Each SNORT instance runs with individual settings and against a particular virtual interface.

    Rules & subscriptions SNORT has its own syntax to write rules to inspect network traffic, to detect undesirable stuff.

    Fortunately you can subscribe to SNORT rule sources so you dont need to write your own.

    Within pfSense there are several sources of rules you can subscribe to within the SNORT global

    settings:

    Source name Free/commercial Notes

    Snort VRT Free account (requires sign up for code), with commercial version available.

    Commercial version provides more up to date rulesets.

    Snort Community Free

    Emerging Threats ET Open

    Free Now included in SNORT community rules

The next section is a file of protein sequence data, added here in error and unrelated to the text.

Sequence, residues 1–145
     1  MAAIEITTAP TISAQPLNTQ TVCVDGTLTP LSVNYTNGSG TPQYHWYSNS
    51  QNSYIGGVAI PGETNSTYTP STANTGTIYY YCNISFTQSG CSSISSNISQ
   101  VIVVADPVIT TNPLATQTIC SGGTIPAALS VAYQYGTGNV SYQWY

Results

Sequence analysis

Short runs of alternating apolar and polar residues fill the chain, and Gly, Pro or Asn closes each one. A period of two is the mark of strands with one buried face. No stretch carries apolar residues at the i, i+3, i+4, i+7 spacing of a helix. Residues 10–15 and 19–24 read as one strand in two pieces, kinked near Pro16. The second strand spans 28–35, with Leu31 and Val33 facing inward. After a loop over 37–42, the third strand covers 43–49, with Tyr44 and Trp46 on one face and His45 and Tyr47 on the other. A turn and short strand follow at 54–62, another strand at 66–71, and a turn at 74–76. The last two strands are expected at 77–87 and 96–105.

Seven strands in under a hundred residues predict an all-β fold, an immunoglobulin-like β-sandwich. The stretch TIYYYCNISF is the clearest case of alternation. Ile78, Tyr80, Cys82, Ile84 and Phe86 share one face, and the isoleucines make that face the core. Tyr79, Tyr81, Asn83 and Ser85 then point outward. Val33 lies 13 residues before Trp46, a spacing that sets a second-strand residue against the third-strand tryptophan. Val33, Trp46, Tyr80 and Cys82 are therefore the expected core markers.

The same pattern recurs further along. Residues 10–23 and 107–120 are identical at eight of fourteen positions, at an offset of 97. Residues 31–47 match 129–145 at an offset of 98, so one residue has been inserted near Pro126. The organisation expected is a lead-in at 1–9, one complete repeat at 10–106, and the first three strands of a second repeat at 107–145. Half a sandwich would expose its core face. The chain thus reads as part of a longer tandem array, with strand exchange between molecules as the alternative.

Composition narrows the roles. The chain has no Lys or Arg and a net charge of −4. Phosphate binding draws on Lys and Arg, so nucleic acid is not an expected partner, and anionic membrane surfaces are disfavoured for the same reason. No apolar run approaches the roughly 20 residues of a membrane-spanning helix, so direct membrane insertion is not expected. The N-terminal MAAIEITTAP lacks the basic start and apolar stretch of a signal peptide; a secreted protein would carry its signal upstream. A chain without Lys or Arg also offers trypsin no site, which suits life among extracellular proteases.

Emerging Threats ET Pro

    Commercial only. Provides best coverage and daily updates.

    OpenAppID Free For application identification only, not threat detection. Support for Open App ID is not complete in pfSense/SNORT.

    Once SNORT rule sources have been subscribed to, you are given the option to select rulesets

    (groups of rules according to a category) for your instance of SNORT.

    Rulesets and detection Rulesets will determine the type of traffic SNORT looks for (or doesnt).

    There are several different types of traffic SNORT will look for:

    Exploits for specific services (HTTP (Apache/IIS/etc), FTP, IMAP, SNMP, etc)

    User traffic Web browsers (Chrome, Firefox)

    Malware Viruses, worms, PUAs.

    Attacks DDOS, exploit-kits, bad traffic

    Block lists known compromised hosts & black listed IPs.

  • White lists & suppression rules.

    Its important to setup white lists and rule suppression lists to avoid generating unnecessary false

    positives.

    White lists

    Simply a list of hosts SNORT will completely ignore.

    Very useful for Oracle or HFS traffic, which often triggers SNORT and is fairly critical and fairly

    trustworthy (being internal to the university).

    Suppression rules.